Potential first tenant of Missouri River port coming to Capital City

The first potential tenants of a proposed Missouri River port in Jefferson City will visit the Capital City in February to brief state lawmakers on the company's plans to build a container port facility in the state.

At the Heartland Port Authority meeting on Thursday, Vice Chairman Roger Fischer suggested he could invite representatives of American Patriot Holdings to talk about their plans and how they might fit with the local port authority's plans.

Fischer and other port officials from across the state met with APH officials and Gov. Mike Parson in December. After that meeting, APH announced a 300-acre stretch of land in Herculaneum would become the home of their new container port facility, which would serve the Midwest region for the export and import of containerized cargo.

Herculaneum was chosen since it's one of the most northern spots on the Mississippi River, without dealing with locks and dams. The facility is expected to open in 2024 with boats from the port going to locations up and down the Missouri River.

Heartland board member Jason Branstatter, who is operations manager at Capital Sand Company, suggested the board should talk with APH officials about what their needs would be at a port in Central Missouri. He suggested APH could potentially help the board determine what the best site for the Heartland Port.

The Port Authority has considered three sites for a Central Missouri port.

North Site One, which is approximately 22 acres north of the Missouri River in Callaway County; the South Site, which is about 118 acres south of the Missouri River in Cole County; and North Site Two in Callaway County which is approximately 3 acres north of the Missouri River, is owned by a private individual and is directly east of Capital Sand Company.

But one site, the South Site, has been designated the prime site.

The board is working with its engineering firm, Barr Engineering, to determine if there are any unforeseen problems with the South Site.

The site, which covers about 118 acres south of the Missouri River, is accessible from No More Victims Road. In 2020, the Legislature and Gov. Parson approved a measure to allow transferring the state-owned land, just east of the Ike Skelton Training Facility, to the port authority for the potential development of a Missouri River port.

The South Site is mostly located in a flood fringe area, but may be subject to wetlands and cultural resources impacting permit requirements and site use.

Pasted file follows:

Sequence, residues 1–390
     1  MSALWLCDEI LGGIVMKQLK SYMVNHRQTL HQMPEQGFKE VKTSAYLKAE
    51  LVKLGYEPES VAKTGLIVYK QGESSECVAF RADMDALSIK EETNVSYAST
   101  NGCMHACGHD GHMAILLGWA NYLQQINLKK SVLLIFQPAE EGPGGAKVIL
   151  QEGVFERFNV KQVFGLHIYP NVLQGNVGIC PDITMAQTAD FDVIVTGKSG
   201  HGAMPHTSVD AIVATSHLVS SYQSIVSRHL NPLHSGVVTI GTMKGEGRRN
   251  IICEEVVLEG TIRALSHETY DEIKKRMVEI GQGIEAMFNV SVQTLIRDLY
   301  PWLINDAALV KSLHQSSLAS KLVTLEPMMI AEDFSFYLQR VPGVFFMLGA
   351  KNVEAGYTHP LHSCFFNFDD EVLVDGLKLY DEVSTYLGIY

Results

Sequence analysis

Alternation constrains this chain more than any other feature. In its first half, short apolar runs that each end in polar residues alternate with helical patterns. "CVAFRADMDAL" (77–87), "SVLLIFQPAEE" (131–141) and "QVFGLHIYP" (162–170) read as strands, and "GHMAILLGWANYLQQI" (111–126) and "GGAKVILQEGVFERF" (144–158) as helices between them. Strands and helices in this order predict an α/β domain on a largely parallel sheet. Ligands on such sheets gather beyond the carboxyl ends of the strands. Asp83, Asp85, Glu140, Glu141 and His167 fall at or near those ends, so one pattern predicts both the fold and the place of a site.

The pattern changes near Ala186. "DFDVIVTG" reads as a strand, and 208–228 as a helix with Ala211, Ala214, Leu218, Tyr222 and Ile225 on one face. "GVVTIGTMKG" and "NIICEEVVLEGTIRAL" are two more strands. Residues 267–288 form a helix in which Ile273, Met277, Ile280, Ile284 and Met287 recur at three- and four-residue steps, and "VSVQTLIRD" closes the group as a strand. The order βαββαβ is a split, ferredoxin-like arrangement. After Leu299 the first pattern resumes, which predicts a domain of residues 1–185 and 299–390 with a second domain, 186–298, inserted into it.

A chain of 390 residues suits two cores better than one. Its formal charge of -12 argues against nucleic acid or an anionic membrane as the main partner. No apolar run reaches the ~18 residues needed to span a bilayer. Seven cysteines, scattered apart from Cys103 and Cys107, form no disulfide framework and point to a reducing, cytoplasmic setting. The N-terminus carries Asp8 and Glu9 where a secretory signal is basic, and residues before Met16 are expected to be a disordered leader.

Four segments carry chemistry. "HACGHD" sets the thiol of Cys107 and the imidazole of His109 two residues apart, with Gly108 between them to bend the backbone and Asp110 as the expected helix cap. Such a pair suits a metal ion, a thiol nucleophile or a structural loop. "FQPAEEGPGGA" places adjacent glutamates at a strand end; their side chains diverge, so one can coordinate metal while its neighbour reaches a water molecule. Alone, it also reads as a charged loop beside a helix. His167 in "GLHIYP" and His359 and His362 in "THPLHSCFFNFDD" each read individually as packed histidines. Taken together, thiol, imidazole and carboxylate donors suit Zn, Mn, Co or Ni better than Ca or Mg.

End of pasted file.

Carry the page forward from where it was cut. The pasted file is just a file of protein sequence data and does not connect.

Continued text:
The goal is to put together an application to be sent to the Corps of Engineers. The application could bring things to light that might be objectionable about that site that the board would need to consider. Board members also said sending this application does not mean they would build on this site.

A conceptional drawing of what they're considering would be sent. The first phase of development for the South Site has called for building a new access road from Cortez Drive, putting in grain storage bins and truck dump pits as well as removing some existing river structure. The second phase would include putting in a work area of just more than 5 acres and a storage area of just less than 5 acres.

Once the application packet is sent to the Corps, they will put it out to public notice so any agency, such as the Environmental Protection Agency, Missouri Department of Natural Resources or Missouri Department of Conservation, could provide feedback.

How soon this all might be completed was not mentioned.

Board Chairman Harry Otto said the board also needed to reach out to the Office of Administration. Although the land has been conveyed to the Port Authority, he said, "it doesn't mean they are giving it away. We don't know what the cost might be for acquisition."

The Port Authority does have grants from the Missouri Department of Transportation and U.S. Department of Agriculture, totaling approximately $1.05 million that could be used for land acquisition costs.

Fischer asked the board members Thursday if they had abandoned the idea of a north port.

He said he had talked privately with land owners along the river in Callaway County who expressed to him an interest in selling land that could be used for a port. He provided maps showing five sites located in a stretch from behind the 63 Diamonds Sports Complex down toward an area behind Flowers Baking.

Fischer said the sites were in what he called "deep water locations" which would allow for boats, such as what APH is proposing to use, to get in and out, plus they would have easy access for trucks taking cargo off the boats to get to U.S. 63.

"We've got people interested, but I can't keep going back to them and tempting them if we're not going to spend any money," Fischer said.

Otto and other board members said they hadn't given up on a north port site, but felt they would start with the south site and eventually add a north port.

They noted officials with OCCI Inc, which owns what was identified last year as North Side One and (according to Barr) was the best of three potential port sites, were not inclined to sell the land they needed. That site is approximately 22 acres north of the Missouri River and is accessible from Missouri 94. Otto said he'd be willing to go back and talk again with OCCI officials, if the board felt that was a good idea.